- Their numbers are reduced (CD4 lymphopenia)
Although the role of CD4+ T-cells is well known, a question was still unanswered:
- Why then, when less than 0.5% of CD4+ T-cells are infected, are all these cells dysfunctional?
Diaccurate published today a study highlighting the role of a protein (PLA2G1B enzyme, which is produced naturally by the pancreas) in the generalized disablement of CD4+ T-cells. In HIV-infected patients, a virus fragment (acting as cofactor) weakens CD4+ T-cells, and the PLA2G1B enzyme then attacks the cell membrane, which becomes “bumpy” due to its membrane proteins clumping together instead of being evenly distributed. This deformation of the membrane blocks CD4 receptors and the cells can no longer fulfil their regulator role. The immune system is thus disabled and the immunosuppressed patients are unable to fight other infections or cancers, which can lead to their death.
The discovery of this deformation of the membrane of CD4+ T-cells in HIV patients and of the role played by the PLA2G1B enzyme paves the way for a new type of treatment for HIV patients. Diaccurate announced in this publication its development of a humanized monoclonal antibody (mAb), currently in preclinical stage, capable of neutralizing the PLA2G1B enzyme (Plazumab) to reverse CD4 hypo-reactivity (anergy) and lymphopenia.
Diaccurate has been granted an exclusive worldwide licence by Institut Pasteur on the original patent which led to the creation of the Company by Truffle Capital.
Announcement of the publication in the Journal of Clinical Investigations
Diaccurate SAS announced today the publication of data demonstrating the pathogenic potential of an endogenous Phospholipase A2 Group 1B enzyme (PLA2G1B). The results of the study conducted by Prof. Jacques Thèze and the Diaccurate team in collaboration with Institut Pasteur, CNRS, Inserm, University of Madrid, University of Seville and Scripps Research Institute (USA) were published yesterday in an article entitled “PLA2G1B is involved in CD4 anergy and CD4 lymphopenia in HIV-infected patients” in the online issue of the prestigious peer-reviewed Journal of Clinical Investigations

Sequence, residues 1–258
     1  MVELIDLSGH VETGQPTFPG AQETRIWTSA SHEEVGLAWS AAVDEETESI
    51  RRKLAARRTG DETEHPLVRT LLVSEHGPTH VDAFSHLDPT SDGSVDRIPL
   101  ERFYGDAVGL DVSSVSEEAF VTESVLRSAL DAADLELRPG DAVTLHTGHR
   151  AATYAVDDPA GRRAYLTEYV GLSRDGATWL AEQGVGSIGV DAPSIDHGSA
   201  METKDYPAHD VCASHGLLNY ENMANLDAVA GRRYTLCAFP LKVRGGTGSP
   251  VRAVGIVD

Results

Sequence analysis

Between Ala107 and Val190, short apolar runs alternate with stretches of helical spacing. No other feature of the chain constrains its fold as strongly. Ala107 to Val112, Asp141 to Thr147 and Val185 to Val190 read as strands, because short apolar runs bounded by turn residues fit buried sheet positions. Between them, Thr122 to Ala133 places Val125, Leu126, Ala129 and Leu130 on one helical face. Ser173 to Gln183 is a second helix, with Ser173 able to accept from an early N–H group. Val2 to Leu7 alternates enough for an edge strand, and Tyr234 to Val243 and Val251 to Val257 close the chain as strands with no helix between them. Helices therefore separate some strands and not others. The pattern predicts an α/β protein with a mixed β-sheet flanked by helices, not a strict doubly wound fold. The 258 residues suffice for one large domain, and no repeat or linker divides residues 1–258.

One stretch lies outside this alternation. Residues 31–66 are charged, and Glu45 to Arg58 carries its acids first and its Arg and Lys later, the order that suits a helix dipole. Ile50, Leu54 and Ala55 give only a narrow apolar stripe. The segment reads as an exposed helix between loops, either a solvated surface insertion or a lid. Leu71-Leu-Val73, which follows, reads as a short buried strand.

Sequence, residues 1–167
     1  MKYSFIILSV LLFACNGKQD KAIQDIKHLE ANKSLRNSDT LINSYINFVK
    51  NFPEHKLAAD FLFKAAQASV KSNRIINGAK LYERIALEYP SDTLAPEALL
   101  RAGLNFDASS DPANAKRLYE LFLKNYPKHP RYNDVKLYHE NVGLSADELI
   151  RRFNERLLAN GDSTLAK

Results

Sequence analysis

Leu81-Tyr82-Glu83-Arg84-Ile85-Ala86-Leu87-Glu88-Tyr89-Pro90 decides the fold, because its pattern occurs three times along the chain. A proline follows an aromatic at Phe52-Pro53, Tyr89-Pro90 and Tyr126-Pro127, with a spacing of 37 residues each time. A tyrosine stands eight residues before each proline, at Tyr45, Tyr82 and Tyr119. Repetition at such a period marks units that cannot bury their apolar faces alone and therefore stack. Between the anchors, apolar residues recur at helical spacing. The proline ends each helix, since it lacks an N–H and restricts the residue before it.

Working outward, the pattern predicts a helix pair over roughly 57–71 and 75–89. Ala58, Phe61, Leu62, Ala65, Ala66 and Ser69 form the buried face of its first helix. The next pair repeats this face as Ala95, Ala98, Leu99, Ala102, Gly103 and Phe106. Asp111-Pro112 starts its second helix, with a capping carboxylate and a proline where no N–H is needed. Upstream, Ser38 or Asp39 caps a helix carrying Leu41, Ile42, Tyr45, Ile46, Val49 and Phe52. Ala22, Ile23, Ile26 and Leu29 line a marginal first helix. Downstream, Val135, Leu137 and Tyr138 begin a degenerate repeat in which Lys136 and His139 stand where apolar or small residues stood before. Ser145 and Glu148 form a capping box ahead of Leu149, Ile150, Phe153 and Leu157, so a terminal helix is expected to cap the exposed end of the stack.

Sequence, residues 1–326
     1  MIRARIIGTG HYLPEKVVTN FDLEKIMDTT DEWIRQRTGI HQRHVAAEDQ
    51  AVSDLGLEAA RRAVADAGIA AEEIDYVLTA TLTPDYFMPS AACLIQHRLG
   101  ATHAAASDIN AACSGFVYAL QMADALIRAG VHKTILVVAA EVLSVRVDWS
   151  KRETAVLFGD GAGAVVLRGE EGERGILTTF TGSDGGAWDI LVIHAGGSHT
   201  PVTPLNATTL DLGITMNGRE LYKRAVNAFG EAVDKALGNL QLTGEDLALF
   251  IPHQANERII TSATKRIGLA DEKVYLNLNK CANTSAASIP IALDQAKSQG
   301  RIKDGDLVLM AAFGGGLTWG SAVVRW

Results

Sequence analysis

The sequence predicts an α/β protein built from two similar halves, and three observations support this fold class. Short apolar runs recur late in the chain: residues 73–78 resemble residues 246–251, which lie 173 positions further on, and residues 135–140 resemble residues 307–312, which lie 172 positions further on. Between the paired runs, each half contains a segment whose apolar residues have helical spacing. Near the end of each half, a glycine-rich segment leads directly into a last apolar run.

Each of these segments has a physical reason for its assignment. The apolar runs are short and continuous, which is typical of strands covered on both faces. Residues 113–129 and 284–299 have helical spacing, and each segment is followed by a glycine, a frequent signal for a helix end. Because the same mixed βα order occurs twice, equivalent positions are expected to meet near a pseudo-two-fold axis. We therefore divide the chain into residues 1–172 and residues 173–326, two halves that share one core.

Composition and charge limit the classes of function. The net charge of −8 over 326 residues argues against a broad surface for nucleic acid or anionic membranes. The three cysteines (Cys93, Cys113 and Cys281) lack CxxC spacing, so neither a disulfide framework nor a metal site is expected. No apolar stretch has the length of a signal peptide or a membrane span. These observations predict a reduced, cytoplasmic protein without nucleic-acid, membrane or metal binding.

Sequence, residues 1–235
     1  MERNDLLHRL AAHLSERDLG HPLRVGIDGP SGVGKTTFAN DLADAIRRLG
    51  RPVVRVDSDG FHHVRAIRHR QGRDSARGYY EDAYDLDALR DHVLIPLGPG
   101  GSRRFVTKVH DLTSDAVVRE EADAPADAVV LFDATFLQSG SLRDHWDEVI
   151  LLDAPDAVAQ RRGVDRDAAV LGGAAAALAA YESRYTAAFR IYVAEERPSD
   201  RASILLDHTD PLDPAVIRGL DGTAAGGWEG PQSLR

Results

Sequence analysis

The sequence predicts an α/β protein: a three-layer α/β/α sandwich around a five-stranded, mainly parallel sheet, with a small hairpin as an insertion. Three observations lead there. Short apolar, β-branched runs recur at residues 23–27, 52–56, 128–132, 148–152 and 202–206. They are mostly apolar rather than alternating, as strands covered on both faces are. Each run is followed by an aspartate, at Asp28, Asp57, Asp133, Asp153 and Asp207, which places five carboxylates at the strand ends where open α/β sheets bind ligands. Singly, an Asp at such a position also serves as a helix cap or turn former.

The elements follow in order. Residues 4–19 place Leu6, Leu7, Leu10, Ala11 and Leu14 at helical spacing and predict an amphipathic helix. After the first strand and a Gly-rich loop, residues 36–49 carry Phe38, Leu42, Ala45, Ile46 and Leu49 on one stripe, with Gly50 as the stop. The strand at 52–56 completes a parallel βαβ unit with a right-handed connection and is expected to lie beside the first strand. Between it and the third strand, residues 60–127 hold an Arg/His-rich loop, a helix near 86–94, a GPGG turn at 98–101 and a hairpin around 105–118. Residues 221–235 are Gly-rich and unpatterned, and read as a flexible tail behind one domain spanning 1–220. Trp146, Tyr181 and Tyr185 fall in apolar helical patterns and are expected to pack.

Until this discovery, it was unclear why uninfected CD4+ T-cells would become dysfunctional, leading to severe immunodeficiency in HIV-infected patients. In the article, the authors show that more than 80% of CD4+ T-cells from HIV-infected patients have morphological abnormalities (bumpy cells). Their membrane showed numerous abnormal membrane microdomains (aMMD), which trap and inactivate physiological receptors, such as that of Il-7.
In patients’ plasma, the enzyme PLA2G1B was identified for the first time as the key molecule responsible for the formation of aMMDs. Under physiological conditions, PLA2G1B was shown to bind to the gp41 HIV envelope protein, which targets PLA2G1B on the surface of CD4+ T-cells. The PLA2G1B/gp41 pair inhibits the response capacity of CD4+ T-cell (anergy). At high concentrations in vitro, PLA2G1B can inhibit alone, independently of gp41, IL-2, IL-4, and IL-7 responses, as well as the activation of CD4+ T-cells. PLA2G1B also decreased CD4+ T-cells survival, thereby likely contributing to CD4+ lymphopenia in these patients. The effects on CD4 T-cell anergy were shown to be blocked by Diaccurate’s humanized monoclonal antibody (Plazumab) neutralizing specifically the enzyme PLA2G1B in vitro and in vivo. Consequently, the PLA2G1B/gp41 pair is a primary therapeutic target to stimulate immune responses and, potentially, an important new treatment for HIV-infected patients.
Diaccurate thus discovered a fundamental aspect of anti-HIV immunity: an endogenous enzyme PLA2G1B and an HIV-specific cofactor that induce CD4+ T-cell hypo-reactivity (anergy) and reduction in number (lymphopenia). Diaccurate developed a humanized monoclonal antibody (Plazumab) that neutralizes the endogenous enzyme and reverses CD4+ hypo-reactivity. This monoclonal antibody has entered its regulatory preclinical development stage. Multiple additional therapeutic indications are possible for other diseases involving PLA2G1B and a cofactor specific of the pathogen (i.e. other infectious diseases and cancers).